AG Pitruzzella delivered an opinion on a reference to the ECJ by Bulgaria.  The questions arose following a data breach of data held by a public body which resulted in claims made for non-material damage as a result of worry and fear that data might be misused in future. The questions related to appropriate security measures, beach liability and compensation for non-material damage. Points of interest include the AG's opinion that:

  • The question of whether technical and organisational measures are appropriate involves a balancing exercise between the economic interests and technological capacity of the controller and the rights of the data subject, taking into account the principle of proportionality.
  • The mere occurrence of a data breach does not entail that technical and organisational measures were not appropriate but the burden of proving that they were is on the controller.  This process may be made easier by compliance with codes of conduct and certification.
  • The fact that the breach was committed by a third party does not in itself exempt the controller from liability.  The controller must demonstrate they were not in any way responsible for the event causing the damage.
  • Fear of possible future misuse of data will only constitute non-material damage giving rise to compensation where there is actual and certain emotional damage.  Mere trouble or inconvenience is not sufficient.

ECJ opinion on SARs

The ECJ  ruled on interpretation of Article 15(1) GDPR which deals with subject access requests, in response to a reference from Finland. The ECJ said:

  • Article 15 GDPR applies to subject access requests relating to personal data processed before the GDPR became applicable but made under the GDPR.
  • Article 15(1) must be interpreted as meaning that information relating to consultation operations carried out using an individual's personal data and concerning the dates and purposes of those operations, would be information to be included in response to that individual's SAR. Information relating to the identity of the employees carrying out the operations in accordance with the instructions of their employer would not be relevant unless the information is essential to enable the individual concerned to exercise their rights, and provided the rights of the employees are taken into account.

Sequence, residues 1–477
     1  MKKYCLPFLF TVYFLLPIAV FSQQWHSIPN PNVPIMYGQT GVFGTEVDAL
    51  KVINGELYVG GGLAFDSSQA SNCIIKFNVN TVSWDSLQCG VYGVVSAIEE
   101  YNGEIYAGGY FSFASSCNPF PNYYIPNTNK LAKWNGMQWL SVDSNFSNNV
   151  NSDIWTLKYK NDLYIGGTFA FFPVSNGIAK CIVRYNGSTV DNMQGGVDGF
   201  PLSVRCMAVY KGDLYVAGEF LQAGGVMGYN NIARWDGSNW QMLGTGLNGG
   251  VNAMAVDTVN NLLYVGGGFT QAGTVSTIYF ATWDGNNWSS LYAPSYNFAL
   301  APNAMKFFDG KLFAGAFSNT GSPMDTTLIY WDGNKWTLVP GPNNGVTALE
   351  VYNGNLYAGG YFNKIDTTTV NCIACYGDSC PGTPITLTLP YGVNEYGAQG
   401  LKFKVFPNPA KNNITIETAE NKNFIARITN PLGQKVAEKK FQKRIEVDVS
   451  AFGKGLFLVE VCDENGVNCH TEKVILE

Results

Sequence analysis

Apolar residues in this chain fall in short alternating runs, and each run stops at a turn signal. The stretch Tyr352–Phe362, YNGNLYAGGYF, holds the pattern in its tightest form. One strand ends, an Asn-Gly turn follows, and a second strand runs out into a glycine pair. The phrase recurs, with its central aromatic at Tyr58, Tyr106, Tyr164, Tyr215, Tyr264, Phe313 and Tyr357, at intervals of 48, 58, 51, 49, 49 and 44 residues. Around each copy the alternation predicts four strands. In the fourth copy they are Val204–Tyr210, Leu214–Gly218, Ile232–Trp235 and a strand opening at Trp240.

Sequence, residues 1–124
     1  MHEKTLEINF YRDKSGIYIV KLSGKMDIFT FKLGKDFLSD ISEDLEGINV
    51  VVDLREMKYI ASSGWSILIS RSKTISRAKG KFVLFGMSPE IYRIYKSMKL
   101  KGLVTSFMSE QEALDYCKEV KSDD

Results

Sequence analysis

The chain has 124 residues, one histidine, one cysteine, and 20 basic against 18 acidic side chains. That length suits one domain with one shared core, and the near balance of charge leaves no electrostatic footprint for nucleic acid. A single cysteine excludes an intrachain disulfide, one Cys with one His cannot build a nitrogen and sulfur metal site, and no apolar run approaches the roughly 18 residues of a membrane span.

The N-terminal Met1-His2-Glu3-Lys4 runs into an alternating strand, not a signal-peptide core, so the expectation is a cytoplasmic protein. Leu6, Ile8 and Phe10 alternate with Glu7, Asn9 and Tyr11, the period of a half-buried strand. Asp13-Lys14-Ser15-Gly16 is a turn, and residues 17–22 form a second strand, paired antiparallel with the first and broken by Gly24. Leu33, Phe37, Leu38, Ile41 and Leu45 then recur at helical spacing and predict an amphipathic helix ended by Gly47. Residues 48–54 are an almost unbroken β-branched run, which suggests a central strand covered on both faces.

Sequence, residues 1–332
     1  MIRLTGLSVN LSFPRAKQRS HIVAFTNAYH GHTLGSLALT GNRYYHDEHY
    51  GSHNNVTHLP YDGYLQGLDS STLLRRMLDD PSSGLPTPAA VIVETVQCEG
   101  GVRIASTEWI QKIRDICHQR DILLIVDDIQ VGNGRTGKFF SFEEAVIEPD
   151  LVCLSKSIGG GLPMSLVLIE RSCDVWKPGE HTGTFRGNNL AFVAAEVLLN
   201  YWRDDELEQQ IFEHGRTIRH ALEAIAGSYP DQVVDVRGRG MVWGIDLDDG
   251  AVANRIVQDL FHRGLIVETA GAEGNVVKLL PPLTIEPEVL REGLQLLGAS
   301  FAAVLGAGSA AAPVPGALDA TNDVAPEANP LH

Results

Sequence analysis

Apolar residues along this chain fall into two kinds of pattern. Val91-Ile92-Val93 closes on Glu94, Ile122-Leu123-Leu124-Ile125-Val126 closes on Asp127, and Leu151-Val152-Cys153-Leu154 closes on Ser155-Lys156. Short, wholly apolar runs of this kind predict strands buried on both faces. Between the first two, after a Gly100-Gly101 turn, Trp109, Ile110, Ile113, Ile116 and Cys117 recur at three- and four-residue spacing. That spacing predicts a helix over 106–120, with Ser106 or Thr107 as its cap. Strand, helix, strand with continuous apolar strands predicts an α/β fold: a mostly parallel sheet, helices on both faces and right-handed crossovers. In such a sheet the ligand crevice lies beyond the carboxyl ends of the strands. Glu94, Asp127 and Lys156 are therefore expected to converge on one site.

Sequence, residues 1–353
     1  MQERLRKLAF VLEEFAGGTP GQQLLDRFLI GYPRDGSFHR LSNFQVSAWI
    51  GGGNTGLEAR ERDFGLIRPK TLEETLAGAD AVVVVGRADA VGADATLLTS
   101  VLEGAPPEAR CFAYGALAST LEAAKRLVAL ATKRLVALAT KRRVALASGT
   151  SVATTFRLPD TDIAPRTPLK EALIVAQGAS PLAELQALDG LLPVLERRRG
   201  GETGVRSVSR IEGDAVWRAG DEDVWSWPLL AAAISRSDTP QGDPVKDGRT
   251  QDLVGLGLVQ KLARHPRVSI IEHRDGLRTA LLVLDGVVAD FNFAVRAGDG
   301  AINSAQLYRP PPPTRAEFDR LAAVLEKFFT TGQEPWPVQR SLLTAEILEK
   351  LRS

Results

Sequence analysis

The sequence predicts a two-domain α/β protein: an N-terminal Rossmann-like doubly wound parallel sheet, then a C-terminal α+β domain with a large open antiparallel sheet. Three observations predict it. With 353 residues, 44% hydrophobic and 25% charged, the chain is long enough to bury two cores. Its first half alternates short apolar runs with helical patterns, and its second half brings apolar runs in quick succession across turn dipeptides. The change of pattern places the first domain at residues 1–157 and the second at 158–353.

• Article 15(1) must be interpreted as meaning that the fact the controller is engaged in and acts within the framework of a regulated activity, and the fact that, (as in this case), the individual making the SAR was both an employee and a customer, do not have an impact on the scope of the right of access.

ECJ ruling on interplay of competition and consumer protection law

In July, The ECJ published its decision in a reference from Germany involving Meta Platforms and the impact of its data practices on competition.  In the original case in Germany, the German competition authority, the Bundeskartellamt, found that the data collected by Meta Platforms Ireland about user activities on and off Facebook and across other Meta services and linked back to their Facebook account for targeted advertising purposes, was collected without valid consent and therefore in breach of the GDPR.  Read about the competition aspects here.

The ECJ also made a number of observations in relation to Meta's data processing operations including:

  • the mere fact a user visits websites or apps which may reveal sensitive data, does not mean that the user manifestly makes public that data for GDPR purposes.  The same is true where the user enters information on, or clicks or taps on buttons integrated into a website or app, unless the user has explicitly beforehand made the choice to make that data publicly accessible to an unlimited number of persons
  • the justification of contractual necessity may only be used for data processing operations which are objectively indispensable, such that the main subject matter of the contract cannot be achieved if the processing in question does not occur.  The ECJ doubts that delivery of personalised content by Meta would achieve this although it will be up to the national courts to decide. Moreover, the ECJ says personalised advertising by which Facebook finances its activities, cannot be justified as a legitimate interest in the absence of user consent
  • the fact that the operator of an online social network holds a dominant position on the social network market does not, in itself, prevent its users from giving valid GDPR consent but given it creates an imbalance in power, it is an important factor in determining whether or not valid consent is given and it is for the operator to prove that it has been.

Updated AG opinion on Quadrature du Net case

Advocate General Szpunar refreshed his opinion on the Quadrature due Net case (originally published in 2022, following the reopening of the case and  expanded on his original reasoning making additional clarifications.

AG opinion on theft of personal data and identity theft/fraud

In November, Advocate General Collins gave an opinion in a joined reference from Germany on the relationship between the theft of personal data and identity theft or fraud.  The AG opined that theft of personal data does not, in itself, constitute identity theft or fraud.  The theft may give rise to a right to compensation for non-material damage where there has subsequently been identity fraud as a result of the theft of the data, but the right to compensation does not depend on subsequent identity theft arising from the theft of the data.  Compensation for non-material damage must be assessed on a case by case basis taking all relevant circumstances into account.